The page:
This is the heart of summer, today and these next few days. Little by little, days will begin to shorten and head toward the darkness and cold of winter. It's a cycle, as is all of life, and it goes 'round in a wheel, a continous circle of cycles of lightness and dark, of life and death, of rebirth and aging.

This is a day to mark the cycle and honor the Great Wheel as it turns; to honor the seasons and cycles in our own lives; to re-evaluate and heal. Thanks be. Blessed be.

Sunday, June 17, 2007

Remembering Daddy

Today was Father's Day, and I blinked back tears often all day, especially this morning when I was reading the newspaper with all the emphasis on father-child relationships. I miss him, and some days it is so fresh that it hurts my heart all over again. Like today.

My daddy died nearly eight years ago, a week after Thanksgiving 1999, following bypass surgery that was sort of unexpected. He knew his heart wasn't pumping well, and went in for an angiogram that showed several big blockages. His doctor told him that many folks his age did just fine with the bypass surgery ... and that without it, he likely wouldn't last much longer than the following spring.

I talked to him by phone several times as he was considering his options, as did my brother. Mother was in a rehab hospital across the street, recovering from a broken pelvis she'd incurred in a fall in their apartment -- it didn't take much to cause a break in her fragile bones. I know she talked to him: I don't know what she said.

My brother, at the last minute, changed business travel plans and drove to Springfield to be there for the surgery. "Something," he said, had told him he needed to go.

Daddy was upbeat about it, and we talked about his current favorite story, Keep Your Fork, in the last conversation I was to have with him. When we'd left him just a few days earlier to return home after spending a rare Thanksgiving instead of Christmas together (corporate job concern about Y2K was grounding Tony and Rachel for that holiday), he'd given me a very long, hard hug that -- after I'd gotten back to the hotel -- had me in tears. It was like he knew. And in retrospect, I did too.

The surgery went fine, although damage was more extensive than they'd thought. It wasn't until the wee hours that night that the hospital called Jimmy to tell him that Daddy was slipping -- something Jimmy felt just minutes before his phone rang. That night, I lay in bed, candles burning a quiet vigil, and *talked* in my head to my father and to God, sending energy and fervent prayers.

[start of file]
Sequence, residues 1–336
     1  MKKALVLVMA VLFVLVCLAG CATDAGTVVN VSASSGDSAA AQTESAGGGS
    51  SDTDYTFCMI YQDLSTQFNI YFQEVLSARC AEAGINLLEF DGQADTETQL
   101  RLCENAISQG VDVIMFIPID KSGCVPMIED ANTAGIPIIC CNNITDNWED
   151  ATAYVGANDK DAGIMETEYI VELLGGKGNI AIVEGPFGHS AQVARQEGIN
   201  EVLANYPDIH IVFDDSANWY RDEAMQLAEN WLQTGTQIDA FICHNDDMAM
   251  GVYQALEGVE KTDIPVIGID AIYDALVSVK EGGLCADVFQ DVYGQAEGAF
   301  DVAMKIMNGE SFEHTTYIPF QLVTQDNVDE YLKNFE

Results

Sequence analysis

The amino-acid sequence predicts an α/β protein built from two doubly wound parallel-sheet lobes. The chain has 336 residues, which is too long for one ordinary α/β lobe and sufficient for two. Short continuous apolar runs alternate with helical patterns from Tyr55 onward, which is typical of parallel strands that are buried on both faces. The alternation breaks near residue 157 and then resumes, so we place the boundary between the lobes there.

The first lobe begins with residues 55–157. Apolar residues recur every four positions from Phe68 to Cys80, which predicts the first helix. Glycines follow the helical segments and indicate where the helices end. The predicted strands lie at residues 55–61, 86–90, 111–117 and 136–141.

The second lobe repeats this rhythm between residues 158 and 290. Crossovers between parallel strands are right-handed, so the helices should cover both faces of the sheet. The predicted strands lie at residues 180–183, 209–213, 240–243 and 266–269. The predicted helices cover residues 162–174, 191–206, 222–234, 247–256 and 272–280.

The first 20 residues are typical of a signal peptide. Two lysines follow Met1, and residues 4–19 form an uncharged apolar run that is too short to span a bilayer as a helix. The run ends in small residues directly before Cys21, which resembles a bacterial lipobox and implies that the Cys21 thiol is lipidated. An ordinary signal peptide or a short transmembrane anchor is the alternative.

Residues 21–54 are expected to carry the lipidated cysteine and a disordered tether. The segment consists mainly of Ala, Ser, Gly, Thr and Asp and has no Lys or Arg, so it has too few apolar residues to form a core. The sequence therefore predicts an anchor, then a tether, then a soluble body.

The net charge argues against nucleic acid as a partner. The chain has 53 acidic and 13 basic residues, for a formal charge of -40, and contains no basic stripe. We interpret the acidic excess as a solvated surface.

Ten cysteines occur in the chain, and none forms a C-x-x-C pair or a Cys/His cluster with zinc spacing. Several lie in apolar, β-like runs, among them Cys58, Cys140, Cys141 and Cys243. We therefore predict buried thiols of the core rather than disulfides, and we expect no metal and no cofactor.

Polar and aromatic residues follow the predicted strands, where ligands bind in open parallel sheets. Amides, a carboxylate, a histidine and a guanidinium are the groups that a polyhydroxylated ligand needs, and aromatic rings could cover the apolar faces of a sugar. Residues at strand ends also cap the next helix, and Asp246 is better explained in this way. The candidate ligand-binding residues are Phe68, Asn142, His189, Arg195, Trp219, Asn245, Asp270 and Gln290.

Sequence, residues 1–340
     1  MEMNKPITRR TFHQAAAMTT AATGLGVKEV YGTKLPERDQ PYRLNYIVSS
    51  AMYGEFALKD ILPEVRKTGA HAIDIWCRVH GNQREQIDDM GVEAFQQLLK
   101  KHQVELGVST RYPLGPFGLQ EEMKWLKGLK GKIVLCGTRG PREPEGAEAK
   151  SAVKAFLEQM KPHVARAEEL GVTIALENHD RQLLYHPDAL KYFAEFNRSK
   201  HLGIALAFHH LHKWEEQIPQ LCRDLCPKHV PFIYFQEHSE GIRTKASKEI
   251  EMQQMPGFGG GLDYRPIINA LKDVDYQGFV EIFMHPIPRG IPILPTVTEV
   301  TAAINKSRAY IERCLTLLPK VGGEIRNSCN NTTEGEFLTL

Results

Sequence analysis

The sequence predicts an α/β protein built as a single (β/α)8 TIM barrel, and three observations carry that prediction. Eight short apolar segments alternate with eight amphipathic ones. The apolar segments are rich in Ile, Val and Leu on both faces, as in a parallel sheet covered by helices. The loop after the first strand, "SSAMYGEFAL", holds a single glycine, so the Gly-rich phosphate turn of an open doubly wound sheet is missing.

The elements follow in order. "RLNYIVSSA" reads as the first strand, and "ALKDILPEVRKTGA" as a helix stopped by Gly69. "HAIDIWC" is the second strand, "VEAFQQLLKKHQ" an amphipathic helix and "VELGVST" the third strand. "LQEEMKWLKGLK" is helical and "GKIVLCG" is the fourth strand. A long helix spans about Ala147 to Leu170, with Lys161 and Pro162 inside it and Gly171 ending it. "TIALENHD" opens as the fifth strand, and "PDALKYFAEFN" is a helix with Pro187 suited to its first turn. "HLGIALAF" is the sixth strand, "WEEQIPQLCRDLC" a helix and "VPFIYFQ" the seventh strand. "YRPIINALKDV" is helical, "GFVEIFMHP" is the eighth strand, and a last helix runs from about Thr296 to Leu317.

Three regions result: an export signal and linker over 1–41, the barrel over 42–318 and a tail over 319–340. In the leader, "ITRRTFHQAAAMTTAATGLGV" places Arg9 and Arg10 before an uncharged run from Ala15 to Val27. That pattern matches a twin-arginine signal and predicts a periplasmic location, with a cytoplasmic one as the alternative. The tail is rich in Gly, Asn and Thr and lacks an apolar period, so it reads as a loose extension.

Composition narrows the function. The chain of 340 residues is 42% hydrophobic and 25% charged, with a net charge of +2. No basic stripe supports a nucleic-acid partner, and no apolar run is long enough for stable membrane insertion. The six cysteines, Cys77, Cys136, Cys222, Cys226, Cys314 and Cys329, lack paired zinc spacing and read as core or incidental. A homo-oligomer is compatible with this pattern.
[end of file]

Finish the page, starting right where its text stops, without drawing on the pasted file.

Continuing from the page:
The next morning I clung to the phone in California as my brother and my mother sat by my father in Missouri to say goodbye. I said mine, too -- they put the phone to his ear. Daddy squeezed Mother's hand at one point, although he never regained consciousness, and when life support was removed, he died very quickly, our love surrounding him and echoing in his ears. He was an organ donor -- even in death he offered help to others.

I flew to Springfield that afternoon, and we spent a very difficult 10 days tending to end-of-life business and my poor little mother, who in one day lost not only the love of her life, but also her home -- she was not well enough to be able to continue in the retirement community, so we had to find a skilled nursing center. It was devastating for all of us.

Sometimes I'll see an older man with a thatch of thin, flyaway white hair, or with a little hitch in his getalong, and my heart will catch, just for a moment. I hear him in my head almost every time I get behind the wheel of a car -- "You don't have to get anywhere that fast," he'd say when I was inclined to speed a little. I seldom do anymore.

When we eat our first tuna-pasta salad of the summer, I remember how much he loved that meal, and how he so appreciated home cooking because of his years eating restaurant food when he'd travel throughout the state. I remember how he loved sports -- anything, but especially golf. When we bowl, I recall his fast, hard throws down the alley. When I read a book or see a show he'd have enjoyed, I can feel him close to me.

I told him "Keep your fork, Daddy," during our last conversation. "The best is yet to be."

He believed that to the core of his being. I hope that my parents are dancing in heaven, loving each other, loving us, sharing the love-energy that is God. I was blessed to have him as my father.

Friday, June 15, 2007

Remembering times past

A year ago today we scattered my parents' ashes in Estes Park, Colorado, in a little pine grove facing the Mummy Range -- the view they loved for years when they'd visit Daddy's aunt's cabin. Sixty-one years ago today, they were married in Duluth, Minn. I miss them. I think of their life together, their fun, their great love for each other, and I am aware again of the great wheel of life turning slowly, cycles of life moving ahead, day by day, on and on, era by era.


Tonight we saw "Close Encounters of the Third Kind" at our local old classic State Theatre, and it was fun to remember what we were doing when it first came out in 1977.

That led to reminiscences about drive-in movies -- which I suppose really dates us -- and what fun they were. I remember going when I was a kid. My folks liked station wagons, so we'd have a little nest of blankets and pillows in the back. We never got snacks at the snack bar, although I always envied those piles of french fries, hot dogs off the rolling grill, and sodas -- (and when I was grown and actually could choose to purchase snacks there, I was so disappointed!) We'd have lemonade or water or maybe Kool Aid in a thermos, bags of popcorn, stacks of homemade cookies, maybe a sandwich that we'd bring in our handy thermal pack.

When R was little in the late '70s and early '80s, we'd go to a nearby drivein in the Indianapolis area in our 1946 classic Chevrolet, take snacks, pillows, blankets, and watch movies in the warm Indiana summer evenings. It was life before home theaters, and VCRs, DVDs.

That's one of the reasons I think we like the movie nights at the State. The old-fashioned setting recalls simpler times and special nights out. (The movies are monthly -- next month is "Grease," with a much younger John Travola and Oliva Newton John. Of course we'll probably sing along...)

It was a nice end to a few days of more-than-usual stresses.

Thursday, June 14, 2007

Change brings stress and angst

I've been reminded these last few days by several incidents that everything changes, and life as you know it in this moment can change with a few words, a few actions. Change is the ONLY constant.